Configure a connection string for Azure Storage | Microsoft Docs
Configure a connection string for an Azure storage account. A connection string contains the information needed to authorize access to a storage account from your application at runtime.
Configure Azure Storage connection strings
A connection string includes the authentication information required for your application to access data in an Azure Storage account at runtime. You can configure connection strings to:
- Connect to the Azure storage emulator.
- Access a storage account in Azure.
- Access specified resources in Azure via a shared access signature (SAS).
Storing your connection string
Your application needs to access the connection string at runtime to authorize requests made to Azure Storage. You have several options for storing your connection string:
- An application running on the desktop or on a device can store the connection string in an app.config or web.config file. Add the connection string to the AppSettings section in these files.
- An application running in an Azure cloud service can store the connection string in the Azure service configuration schema (.cscfg) file. Add the connection string to the ConfigurationSettings section of the service configuration file.
- You can use your connection string directly in your code. However, we recommend that you store your connection string in a configuration file in most scenarios.
Storing your connection string in a configuration file makes it easy to update the connection string to switch between the storage emulator and an Azure storage account in the cloud. You only need to edit the connection string to point to your target environment.
You can use the Microsoft Azure Configuration Manager to access your connection string at runtime regardless of where your application is running.
Create a connection string for the storage emulator
For more information about the storage emulator, see Use the Azure storage emulator for development and testing.
Create a connection string for an Azure storage account
To create a connection string for your Azure storage account, use the following format. Indicate whether you want to connect to the storage account through HTTPS (recommended) or HTTP, replace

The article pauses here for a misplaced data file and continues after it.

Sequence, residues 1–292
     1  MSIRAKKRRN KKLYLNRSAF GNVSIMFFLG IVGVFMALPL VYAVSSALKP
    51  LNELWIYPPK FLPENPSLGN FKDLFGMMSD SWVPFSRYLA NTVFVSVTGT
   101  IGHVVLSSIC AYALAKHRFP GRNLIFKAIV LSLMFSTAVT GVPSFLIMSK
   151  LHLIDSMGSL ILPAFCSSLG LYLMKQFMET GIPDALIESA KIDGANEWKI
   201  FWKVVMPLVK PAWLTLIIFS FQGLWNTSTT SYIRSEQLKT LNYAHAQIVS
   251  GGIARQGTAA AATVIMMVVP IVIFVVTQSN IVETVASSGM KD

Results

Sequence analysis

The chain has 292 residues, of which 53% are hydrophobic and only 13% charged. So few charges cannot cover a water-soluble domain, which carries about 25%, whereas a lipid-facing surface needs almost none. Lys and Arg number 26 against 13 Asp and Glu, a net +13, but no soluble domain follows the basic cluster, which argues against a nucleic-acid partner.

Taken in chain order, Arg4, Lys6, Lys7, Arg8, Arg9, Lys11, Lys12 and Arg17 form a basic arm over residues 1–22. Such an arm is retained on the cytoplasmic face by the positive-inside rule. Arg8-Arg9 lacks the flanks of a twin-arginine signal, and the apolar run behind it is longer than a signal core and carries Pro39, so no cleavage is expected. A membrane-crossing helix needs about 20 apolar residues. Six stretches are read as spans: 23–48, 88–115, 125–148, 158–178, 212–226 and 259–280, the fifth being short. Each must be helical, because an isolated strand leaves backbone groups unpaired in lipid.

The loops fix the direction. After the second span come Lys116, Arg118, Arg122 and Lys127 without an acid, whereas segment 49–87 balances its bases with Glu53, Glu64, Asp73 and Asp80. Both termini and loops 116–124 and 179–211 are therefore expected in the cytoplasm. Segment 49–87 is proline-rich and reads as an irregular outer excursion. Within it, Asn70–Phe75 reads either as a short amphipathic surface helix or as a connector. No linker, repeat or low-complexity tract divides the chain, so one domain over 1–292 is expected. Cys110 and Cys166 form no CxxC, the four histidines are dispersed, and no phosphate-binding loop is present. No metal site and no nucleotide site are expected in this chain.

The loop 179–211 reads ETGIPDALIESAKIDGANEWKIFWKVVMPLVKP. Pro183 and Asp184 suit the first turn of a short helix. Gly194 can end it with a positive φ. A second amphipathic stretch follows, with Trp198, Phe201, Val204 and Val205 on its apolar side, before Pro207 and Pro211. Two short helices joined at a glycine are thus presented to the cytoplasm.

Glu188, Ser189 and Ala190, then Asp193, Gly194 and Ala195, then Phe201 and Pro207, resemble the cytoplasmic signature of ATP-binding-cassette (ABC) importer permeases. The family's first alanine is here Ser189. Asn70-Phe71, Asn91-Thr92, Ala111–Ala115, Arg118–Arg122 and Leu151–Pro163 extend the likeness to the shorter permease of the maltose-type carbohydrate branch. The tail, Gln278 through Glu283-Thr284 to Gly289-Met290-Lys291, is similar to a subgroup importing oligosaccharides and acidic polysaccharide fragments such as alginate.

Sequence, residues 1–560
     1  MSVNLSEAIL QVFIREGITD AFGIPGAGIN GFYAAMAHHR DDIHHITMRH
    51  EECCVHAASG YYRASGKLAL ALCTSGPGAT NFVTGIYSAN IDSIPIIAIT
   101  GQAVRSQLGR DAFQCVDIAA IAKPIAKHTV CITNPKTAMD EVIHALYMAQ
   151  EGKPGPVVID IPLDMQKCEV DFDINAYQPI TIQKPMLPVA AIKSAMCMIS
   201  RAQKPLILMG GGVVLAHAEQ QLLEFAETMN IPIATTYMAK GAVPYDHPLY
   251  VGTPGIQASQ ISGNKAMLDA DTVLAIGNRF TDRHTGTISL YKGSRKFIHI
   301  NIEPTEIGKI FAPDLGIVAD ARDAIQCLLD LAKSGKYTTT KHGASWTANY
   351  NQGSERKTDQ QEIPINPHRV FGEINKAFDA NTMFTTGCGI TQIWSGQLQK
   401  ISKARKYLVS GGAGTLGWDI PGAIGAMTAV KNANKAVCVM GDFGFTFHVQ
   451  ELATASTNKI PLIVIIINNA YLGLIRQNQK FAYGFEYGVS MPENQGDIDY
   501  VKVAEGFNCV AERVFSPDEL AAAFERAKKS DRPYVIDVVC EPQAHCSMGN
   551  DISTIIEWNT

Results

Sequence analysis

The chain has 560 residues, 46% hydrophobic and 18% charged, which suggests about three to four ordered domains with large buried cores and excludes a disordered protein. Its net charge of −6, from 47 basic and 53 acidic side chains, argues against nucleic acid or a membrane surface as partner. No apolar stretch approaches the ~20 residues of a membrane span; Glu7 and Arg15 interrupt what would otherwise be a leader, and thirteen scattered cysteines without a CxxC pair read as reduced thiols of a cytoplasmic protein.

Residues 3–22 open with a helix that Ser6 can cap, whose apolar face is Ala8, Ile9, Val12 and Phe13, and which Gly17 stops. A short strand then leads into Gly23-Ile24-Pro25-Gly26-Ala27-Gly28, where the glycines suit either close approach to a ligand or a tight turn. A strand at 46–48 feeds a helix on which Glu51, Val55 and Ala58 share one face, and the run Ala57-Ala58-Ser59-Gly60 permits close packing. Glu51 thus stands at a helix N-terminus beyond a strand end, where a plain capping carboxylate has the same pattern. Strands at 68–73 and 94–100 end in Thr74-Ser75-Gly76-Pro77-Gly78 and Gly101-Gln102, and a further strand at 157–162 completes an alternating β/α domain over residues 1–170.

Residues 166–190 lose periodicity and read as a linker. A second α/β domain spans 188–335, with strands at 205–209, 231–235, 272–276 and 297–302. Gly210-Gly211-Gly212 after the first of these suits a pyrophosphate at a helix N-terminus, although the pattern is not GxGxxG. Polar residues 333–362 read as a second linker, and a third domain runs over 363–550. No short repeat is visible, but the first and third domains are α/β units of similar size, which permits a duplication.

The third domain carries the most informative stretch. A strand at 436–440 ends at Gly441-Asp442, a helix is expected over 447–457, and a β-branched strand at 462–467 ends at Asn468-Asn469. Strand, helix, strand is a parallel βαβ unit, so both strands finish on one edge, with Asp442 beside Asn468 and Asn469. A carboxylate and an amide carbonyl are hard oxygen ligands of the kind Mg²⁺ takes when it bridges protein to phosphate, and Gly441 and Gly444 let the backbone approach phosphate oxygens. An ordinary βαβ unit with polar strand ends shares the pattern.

myAccountName with the name of your storage account, and replace
myAccountKey with your account access key:
For example, your connection string might look similar to:
Although Azure Storage supports both HTTP and HTTPS in a connection string, HTTPS is highly recommended.
[!TIP] You can find your storage account's connection strings in the Azure portal. Navigate to SETTINGS > Access keys in your storage account's menu blade to see connection strings for both primary and secondary access keys.
Create a connection string using a shared access signature
Create a connection string for an explicit storage endpoint
You can specify explicit service endpoints in your connection string instead of using the default endpoints. To create a connection string that specifies an explicit endpoint, specify the complete service endpoint for each service, including the protocol specification (HTTPS (recommended) or HTTP), in the following format:
DefaultEndpointsProtocol=[http|https]; BlobEndpoint=myBlobEndpoint; FileEndpoint=myFileEndpoint; QueueEndpoint=myQueueEndpoint; TableEndpoint=myTableEndpoint; AccountName=myAccountName; AccountKey=myAccountKey
One scenario where you might wish to specify an explicit endpoint is when you've mapped your Blob storage endpoint to a custom domain. In that case, you can specify your custom endpoint for Blob storage in your connection string. You can optionally specify the default endpoints for the other services if your application uses them.
Here is an example of a connection string that specifies an explicit endpoint for the Blob service:
# Blob endpoint only DefaultEndpointsProtocol=https; BlobEndpoint=http://www.mydomain.com; AccountName=storagesample; AccountKey=<account-key>
This example specifies explicit endpoints for all services, including a custom domain for the Blob service:
# All service endpoints DefaultEndpointsProtocol=https; BlobEndpoint=http://www.mydomain.com; FileEndpoint=https://myaccount.file.core.windows.net; QueueEndpoint=https://myaccount.queue.core.windows.net; TableEndpoint=https://myaccount.table.core.windows.net; AccountName=storagesample; AccountKey=<account-key>
The endpoint values in a connection string are used to construct the request URIs to the storage services, and dictate the form of any URIs that are returned to your code.
If you've mapped a storage endpoint to a custom domain and omit that endpoint from a connection string, then you will not be able to use that connection string to access data in that service from your code.
[!IMPORTANT] Service endpoint values in your connection strings must be well-formed URIs, including
http://. Because Azure Storage does not yet support HTTPS for custom domains, you must specify
http://for any endpoint URI that points to a custom domain.
Create a connection string with an endpoint suffix
To create a connection string for a storage service in regions or instances with different endpoint suffixes, such as for Azure China or Azure Government, use the following connection string format. Indicate whether you want to connect to the storage account through HTTPS (recommended) or HTTP, replace
myAccountName with the name of your storage account, replace
myAccountKey with your account access key, and replace
mySuffix with the URI suffix:
DefaultEndpointsProtocol=[http|https]; AccountName=myAccountName; AccountKey=myAccountKey; EndpointSuffix=mySuffix;
Here's an example connection string for storage services in Azure China:
DefaultEndpointsProtocol=https; AccountName=storagesample; AccountKey=<account-key>; EndpointSuffix=core.chinacloudapi.cn;
Parsing a connection string